Center for American Progress Action

RELEASE: New Report Ranks Indiana’s Best and Worst Counties for Voting Access
Press Release

RELEASE: New Report Ranks Indiana’s Best and Worst Counties for Voting Access

New County-by-County Analysis of Indiana’s Election Administration in the 2012 Election

Washington, D.C. – The Indiana counties with the worst voting access are Tippecanoe, LaGrange, and Jennings, according to a new report released today by the Center for American Progress Action Fund. The report identifies Indiana’s best and worst performers for voting access and voter experience by looking at six factors that reflect voters’ ability to participate in the democratic process: voter turnout, overall voter registration rate, rate of registered voters purged from voting rolls, provisional ballots cast, provisional ballots rejected, and absentee ballots rejected.

In addition to examining Indiana’s worst election offenders, the report offers county-by-county analysis of 16 other swing states—states with the smallest margin of victory between the two presidential candidates in 2012: Arizona, Colorado, Florida, Georgia, Iowa, Michigan, Minnesota, Missouri, Nevada, New Hampshire, New Mexico, North Carolina, Ohio, Pennsylvania, Virginia, and Wisconsin. The report finds that with election administration delegated to officials and boards in more than 3,000 counties and localities in the United States, the ease with which one exercises his or her right to vote can depend on where he or she lives. This pattern played out in every state that was analyzed.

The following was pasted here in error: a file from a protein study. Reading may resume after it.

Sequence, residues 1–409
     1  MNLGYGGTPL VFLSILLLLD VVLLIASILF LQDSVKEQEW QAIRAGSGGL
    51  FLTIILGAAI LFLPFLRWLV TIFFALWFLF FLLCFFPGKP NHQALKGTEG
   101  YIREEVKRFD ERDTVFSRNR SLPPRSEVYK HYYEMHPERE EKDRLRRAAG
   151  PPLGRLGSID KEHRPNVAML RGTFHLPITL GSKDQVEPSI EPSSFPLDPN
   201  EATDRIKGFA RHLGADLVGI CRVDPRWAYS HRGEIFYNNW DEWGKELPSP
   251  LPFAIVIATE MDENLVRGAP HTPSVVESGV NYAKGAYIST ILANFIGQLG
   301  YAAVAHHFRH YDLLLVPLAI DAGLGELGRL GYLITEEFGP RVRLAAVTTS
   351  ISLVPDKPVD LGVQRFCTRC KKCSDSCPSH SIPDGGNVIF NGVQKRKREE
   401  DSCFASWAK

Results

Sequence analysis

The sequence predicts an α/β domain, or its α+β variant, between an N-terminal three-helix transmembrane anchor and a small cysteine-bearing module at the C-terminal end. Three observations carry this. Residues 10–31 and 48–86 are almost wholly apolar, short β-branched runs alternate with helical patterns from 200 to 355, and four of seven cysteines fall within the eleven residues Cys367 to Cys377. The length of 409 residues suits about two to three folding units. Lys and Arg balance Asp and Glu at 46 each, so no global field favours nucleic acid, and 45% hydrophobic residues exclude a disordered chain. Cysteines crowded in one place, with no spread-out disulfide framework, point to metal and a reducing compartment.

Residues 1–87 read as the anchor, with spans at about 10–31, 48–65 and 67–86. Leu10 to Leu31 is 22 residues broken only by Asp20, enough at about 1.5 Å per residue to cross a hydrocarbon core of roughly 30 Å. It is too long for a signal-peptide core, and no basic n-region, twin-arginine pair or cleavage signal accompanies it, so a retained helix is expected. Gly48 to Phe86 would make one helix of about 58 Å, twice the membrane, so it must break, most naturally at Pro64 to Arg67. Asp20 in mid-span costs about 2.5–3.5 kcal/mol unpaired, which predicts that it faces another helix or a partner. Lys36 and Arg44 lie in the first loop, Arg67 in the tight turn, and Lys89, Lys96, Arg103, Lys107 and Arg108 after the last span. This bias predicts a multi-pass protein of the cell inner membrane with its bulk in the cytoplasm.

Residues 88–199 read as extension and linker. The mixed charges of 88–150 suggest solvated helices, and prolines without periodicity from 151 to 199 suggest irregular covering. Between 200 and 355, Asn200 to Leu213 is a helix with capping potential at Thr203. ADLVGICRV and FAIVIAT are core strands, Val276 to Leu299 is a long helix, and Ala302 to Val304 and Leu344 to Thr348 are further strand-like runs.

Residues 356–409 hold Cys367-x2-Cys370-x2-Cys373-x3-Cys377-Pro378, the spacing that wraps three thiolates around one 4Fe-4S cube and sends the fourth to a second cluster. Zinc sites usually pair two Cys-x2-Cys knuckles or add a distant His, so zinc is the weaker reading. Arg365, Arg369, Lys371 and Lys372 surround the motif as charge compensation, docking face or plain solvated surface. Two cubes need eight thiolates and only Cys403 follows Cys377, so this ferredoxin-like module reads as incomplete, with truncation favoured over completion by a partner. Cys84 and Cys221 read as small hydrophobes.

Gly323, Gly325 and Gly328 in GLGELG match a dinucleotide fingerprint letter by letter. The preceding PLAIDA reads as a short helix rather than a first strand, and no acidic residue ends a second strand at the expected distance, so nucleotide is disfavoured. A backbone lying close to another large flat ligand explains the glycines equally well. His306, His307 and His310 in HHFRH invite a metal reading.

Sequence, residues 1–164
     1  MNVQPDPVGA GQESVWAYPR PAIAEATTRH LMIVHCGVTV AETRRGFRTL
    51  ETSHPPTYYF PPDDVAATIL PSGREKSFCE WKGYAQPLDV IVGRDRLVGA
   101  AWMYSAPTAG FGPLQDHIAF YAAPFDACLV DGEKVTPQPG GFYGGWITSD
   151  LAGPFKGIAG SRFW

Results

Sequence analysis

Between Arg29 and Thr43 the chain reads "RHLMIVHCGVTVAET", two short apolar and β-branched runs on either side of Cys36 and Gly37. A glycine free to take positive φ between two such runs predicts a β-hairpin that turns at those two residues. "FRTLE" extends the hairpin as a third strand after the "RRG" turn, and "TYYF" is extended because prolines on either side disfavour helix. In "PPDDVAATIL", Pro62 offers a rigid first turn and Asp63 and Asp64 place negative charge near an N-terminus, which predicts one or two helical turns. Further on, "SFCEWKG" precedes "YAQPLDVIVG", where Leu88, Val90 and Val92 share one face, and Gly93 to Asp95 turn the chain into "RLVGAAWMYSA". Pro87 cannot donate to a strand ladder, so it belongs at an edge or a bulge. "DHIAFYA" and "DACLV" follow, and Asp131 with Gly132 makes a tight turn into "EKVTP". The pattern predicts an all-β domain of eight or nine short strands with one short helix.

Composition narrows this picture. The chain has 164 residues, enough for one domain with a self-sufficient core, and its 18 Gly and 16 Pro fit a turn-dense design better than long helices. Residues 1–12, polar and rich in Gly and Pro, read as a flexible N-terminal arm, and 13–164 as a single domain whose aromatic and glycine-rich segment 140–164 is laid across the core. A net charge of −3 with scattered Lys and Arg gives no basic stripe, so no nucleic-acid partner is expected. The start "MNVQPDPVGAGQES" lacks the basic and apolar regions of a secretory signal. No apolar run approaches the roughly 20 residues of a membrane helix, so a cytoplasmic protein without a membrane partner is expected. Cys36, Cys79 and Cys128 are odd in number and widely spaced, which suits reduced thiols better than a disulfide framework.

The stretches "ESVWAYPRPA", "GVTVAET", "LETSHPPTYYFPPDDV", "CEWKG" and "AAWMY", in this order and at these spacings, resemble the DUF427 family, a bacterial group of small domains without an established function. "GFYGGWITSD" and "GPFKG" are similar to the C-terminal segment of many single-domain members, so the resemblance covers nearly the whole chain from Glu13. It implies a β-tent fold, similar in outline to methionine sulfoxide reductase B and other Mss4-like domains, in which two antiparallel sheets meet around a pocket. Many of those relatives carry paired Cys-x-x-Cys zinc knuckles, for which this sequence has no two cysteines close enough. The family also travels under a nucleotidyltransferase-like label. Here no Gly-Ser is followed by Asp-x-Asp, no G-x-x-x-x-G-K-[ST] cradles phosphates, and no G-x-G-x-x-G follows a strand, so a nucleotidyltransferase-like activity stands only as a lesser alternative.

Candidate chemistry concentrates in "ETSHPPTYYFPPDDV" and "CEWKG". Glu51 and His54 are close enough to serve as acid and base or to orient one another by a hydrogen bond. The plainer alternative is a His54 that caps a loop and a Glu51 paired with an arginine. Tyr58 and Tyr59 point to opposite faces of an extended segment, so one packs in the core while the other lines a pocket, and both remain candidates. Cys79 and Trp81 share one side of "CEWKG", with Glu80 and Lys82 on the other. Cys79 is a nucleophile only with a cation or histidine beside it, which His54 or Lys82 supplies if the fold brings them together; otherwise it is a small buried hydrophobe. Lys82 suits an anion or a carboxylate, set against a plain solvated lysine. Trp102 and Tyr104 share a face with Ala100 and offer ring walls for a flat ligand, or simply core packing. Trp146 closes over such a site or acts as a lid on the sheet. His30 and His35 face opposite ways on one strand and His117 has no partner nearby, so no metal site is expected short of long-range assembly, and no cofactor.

Swing IN

Key findings from the report include:

  • The election performance results were poor in Tippecanoe County across multiple factors. For instance, Tippecanoe County had the highest rate of provisional ballots cast in the state—seven times higher than the state average. Tippecanoe also had the second-highest rate of absentee ballots and the second-highest rate of voters removed from the voting lists. Additionally, Tippecanoe had the 5th-worst voter turnout rate and the 16th-worst voter registration rate. Tippecanoe County’s poor rankings across so many factors raises questions about the administration of the elections in the county as well as voters’ low level of participation in the democratic system.
  • LaGrange County also fared poorly on several factors. It had the worst registration and voter turnout rates in the state and rejected all provisional ballots cast in the county.
  • Finally, Jennings County performed very poorly on two factors. It had the 3rd-highest rate of absentee ballots rejected and the 13th-worst rate of provisional ballots cast.

The report’s findings provide insights that can help officials, policymakers, and advocates better understand voting administration practices that work. By comparing voter access and experience across Indiana’s counties, officials can determine the best practices for ensuring that citizens have an equal opportunity to participate in the democratic process.

Read the report: Unequal Access: A County-by-County Analysis of Election Administration in Swing States in the 2012 Election by Anna Chu, Joshua Field, and Charles Posner

To speak with experts on this issue, please contact Madeline Meth at mmeth@americanprogressaction.org or 202.741.6277.

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